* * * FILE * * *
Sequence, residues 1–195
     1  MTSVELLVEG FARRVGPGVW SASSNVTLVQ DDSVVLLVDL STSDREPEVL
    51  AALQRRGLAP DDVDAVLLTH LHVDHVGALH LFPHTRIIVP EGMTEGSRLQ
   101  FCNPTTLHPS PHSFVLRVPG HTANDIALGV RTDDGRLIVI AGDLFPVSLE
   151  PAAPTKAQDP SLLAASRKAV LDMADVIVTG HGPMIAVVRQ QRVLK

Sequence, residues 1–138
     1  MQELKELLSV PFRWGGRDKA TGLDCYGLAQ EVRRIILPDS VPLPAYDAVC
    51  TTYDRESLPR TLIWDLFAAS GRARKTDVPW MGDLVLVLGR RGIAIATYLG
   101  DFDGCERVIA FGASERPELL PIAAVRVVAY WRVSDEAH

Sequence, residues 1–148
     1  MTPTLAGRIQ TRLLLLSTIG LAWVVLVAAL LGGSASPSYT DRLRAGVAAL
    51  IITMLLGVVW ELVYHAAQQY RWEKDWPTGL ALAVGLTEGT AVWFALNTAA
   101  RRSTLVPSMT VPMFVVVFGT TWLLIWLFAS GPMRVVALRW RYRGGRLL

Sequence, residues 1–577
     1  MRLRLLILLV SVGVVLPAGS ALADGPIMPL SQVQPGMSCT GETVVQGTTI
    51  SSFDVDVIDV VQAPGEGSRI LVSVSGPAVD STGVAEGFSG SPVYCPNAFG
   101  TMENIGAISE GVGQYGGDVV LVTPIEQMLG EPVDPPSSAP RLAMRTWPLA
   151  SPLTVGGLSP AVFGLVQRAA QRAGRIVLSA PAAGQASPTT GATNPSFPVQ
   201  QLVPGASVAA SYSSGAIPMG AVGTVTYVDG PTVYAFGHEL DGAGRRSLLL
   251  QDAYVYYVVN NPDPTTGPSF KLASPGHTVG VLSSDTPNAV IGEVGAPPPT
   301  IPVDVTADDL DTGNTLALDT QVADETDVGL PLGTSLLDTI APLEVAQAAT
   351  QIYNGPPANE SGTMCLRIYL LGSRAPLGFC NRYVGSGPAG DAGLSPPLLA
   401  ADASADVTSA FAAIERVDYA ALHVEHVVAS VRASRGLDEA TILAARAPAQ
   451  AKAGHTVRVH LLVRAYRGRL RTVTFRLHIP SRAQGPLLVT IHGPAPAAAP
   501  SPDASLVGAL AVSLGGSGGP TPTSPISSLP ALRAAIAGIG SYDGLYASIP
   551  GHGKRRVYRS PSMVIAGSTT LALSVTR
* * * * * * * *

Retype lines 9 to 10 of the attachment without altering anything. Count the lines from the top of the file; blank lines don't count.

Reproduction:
   101  DFDGCERVIA FGASERPELL PIAAVRVVAY WRVSDEAH

Sequence, residues 1–148